The Reverend’s Bottom Line


Due to Schulze’s importance in the field of electronic music, Picture Music has been reissued countless times, mostly by various European labels and often with different cover art and song indexing. This American reissue, by the exemplary prog-rock label Inside Out Music, offers deluxe packaging, rare photos, informative liner notes and best of all, a thirty-three minute, previously unreleased bonus track.

“C’est Pas La Meme Chose,” according to Schulze, is actually an extended, more involved reading of “Totem,” taking the original song’s meditative theme and extending it towards a new horizon. It is a fitting bookend to Picture Music, punctuating Schulze’s influence in the genre and providing a fitting coda to this important and often overlooked entry in the canon of electronic music. (Inside Out Music, reissued April 17, 2005)

Review originally published by Alt.Culture.Guide™ music zine

Also on That Devil Music: Klaus Schulze - Mirage CD review

Buy the CD from Amazon.com: Klaus Schulze’s Picture Music

Friday, March 6, 2020

Short Rounds: The Bluefields, Dave Clark Five, Marshall Crenshaw, Gary Moore, Gwil Owen & Watermelon Slim (2020)

The Bluefields' Day In the SunNew album releases in 150 words or less…

The BluefieldsDay In the Sun (Underground Treehouse Records)
Veterans of Nashville’s country and rock scenes, the Bluefields include singer Joe Blanton (Royal Court of China), guitarists Warner Hodges (Jason & the Scorchers) and Dan Baird (Georgia Satellites), and drummer Brad Pemberton (Steve Earle). Day In the Sun is the band’s fourth album, their first in six years, and the Rev is here to tell you that it’s a real slobberknocker! The band achieves a solid, often funky groove on songs like “Bottom of the Barrel” and “Somewhere Down the Road” on top of which Hodges lays down his shimmering leads. Blanton is a soulful shouter with a hint of twang shaping his vocals as on “Born To Let You Down,” an unbridled rocker that hits your ears like a freight train teetering off the tracks. Offering a rib-ticklin’ meat ‘n’ taters buffet, Day In the Sun provides a musical feast for long-suffering fans of Southern rock ‘n’ roll. Grade: A   BUY!

Dave Clark Five's All the Hits
Dave Clark Five – All the Hits (BMG)
British rocker Dave Clark was years ahead of his time in business savvy, holding onto all of the DC5’s rights long before most bands realized that their record labels could (and would) do them wrong. This has resulted in a deficit of DC5 reissues, and although beat-to-hell copies of old Dave Clark Five LPs can be found easily enough, it’d be nice to reintroduce this stuff to a new century. Hopefully All the Hits is the first salvo in a full-fledged reappraisal of this important British Invasion band’s legacy as the only outfit to serious challenge the Beatles for chart supremacy. More popular stateside than at home, the DC5 scored hits like “Glad All Over,” “Bits and Pieces,” “Any Way You Want It,” and “Over and Over” between 1964 and 1967, all of which are among the 16 red-hot tracks included here. It’s time to rediscover the Dave Clark Five! Grade: B+   BUY!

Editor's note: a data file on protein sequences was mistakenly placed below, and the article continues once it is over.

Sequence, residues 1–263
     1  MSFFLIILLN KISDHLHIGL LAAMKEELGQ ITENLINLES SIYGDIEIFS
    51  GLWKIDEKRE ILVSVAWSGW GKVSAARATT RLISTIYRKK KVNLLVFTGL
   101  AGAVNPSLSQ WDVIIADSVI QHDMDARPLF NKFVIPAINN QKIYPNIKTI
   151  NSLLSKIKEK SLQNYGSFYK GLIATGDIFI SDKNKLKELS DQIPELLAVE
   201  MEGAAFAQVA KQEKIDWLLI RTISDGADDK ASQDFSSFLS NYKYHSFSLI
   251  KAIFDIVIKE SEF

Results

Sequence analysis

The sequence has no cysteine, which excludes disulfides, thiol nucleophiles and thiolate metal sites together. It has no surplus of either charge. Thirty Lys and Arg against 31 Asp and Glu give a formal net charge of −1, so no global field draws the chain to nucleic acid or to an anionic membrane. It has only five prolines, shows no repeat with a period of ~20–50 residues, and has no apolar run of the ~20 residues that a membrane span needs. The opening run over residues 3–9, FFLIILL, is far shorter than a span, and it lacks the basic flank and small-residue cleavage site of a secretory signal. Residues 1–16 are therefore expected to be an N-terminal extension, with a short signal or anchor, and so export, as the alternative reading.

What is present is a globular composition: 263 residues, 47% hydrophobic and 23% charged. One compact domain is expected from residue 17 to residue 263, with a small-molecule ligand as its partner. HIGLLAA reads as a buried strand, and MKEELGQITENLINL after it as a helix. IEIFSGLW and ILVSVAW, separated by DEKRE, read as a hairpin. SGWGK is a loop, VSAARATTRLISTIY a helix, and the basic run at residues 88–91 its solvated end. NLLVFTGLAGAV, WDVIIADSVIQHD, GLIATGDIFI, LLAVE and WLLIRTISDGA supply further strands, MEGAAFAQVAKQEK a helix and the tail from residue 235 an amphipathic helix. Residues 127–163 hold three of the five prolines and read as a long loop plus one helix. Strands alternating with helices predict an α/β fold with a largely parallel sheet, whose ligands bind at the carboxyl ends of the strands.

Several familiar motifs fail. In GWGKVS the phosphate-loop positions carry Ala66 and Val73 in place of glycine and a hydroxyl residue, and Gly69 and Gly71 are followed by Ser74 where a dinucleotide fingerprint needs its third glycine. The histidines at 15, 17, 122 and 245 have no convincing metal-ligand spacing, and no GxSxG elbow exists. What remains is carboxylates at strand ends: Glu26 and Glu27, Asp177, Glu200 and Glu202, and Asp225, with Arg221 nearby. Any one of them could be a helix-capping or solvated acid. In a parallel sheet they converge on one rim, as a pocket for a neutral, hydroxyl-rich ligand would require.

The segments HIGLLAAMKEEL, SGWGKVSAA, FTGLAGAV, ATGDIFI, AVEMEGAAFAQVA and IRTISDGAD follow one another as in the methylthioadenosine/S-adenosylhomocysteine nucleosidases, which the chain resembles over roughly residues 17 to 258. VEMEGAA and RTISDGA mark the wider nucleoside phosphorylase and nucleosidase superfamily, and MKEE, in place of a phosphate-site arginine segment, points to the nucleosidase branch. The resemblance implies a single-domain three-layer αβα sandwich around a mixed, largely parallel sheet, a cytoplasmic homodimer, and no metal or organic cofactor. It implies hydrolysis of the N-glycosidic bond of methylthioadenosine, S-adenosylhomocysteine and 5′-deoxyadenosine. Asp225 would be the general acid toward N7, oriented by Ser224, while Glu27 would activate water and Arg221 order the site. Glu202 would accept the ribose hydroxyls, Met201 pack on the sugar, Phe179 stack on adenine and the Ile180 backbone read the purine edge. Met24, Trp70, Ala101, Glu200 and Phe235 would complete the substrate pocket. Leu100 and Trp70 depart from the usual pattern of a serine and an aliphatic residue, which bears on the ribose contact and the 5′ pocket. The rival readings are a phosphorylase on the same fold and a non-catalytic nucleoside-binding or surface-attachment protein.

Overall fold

Marshall Crenshaw's Miracle of Science
Marshall CrenshawMiracle of Science (Shiny-Tone Records)
The first in a series of reissues of Marshall Crenshaw’s 1990s-era Razor & Tie albums (on Crenshaw’s own Shiny-Tone Records label), Miracle of Science finds the rock icon expanding his signature power-pop sound in pursuit of a wider musical palette. Mostly recorded in Nashville with talents like Bill Lloyd, Brad Jones, and Pat Buchanan manning various instruments, Miracle of Science ranges from the shimmery, Smithereens-styled pop of “What Do You Dream Of?” and the honky-tonk flavored “Who Stole That Train” to Crenshaw’s trademark power-pop on “Starless Summer Sky.” A cover of Grant Hart’s “Twenty-Five Forty-One” is spot-on, the gorgeous soundtrack emphasizing the lyrics while oldie “The In Crowd” offers an imaginative blend of the song’s jazzy roots with bluesy overtones. I could do without the backwards “Seven Miles An Hour,” though. Criminally underrated when it was originally released, Miracle of Science will appeal to the discerning rock ‘n’ roll aficionado. Grade: A-   BUY!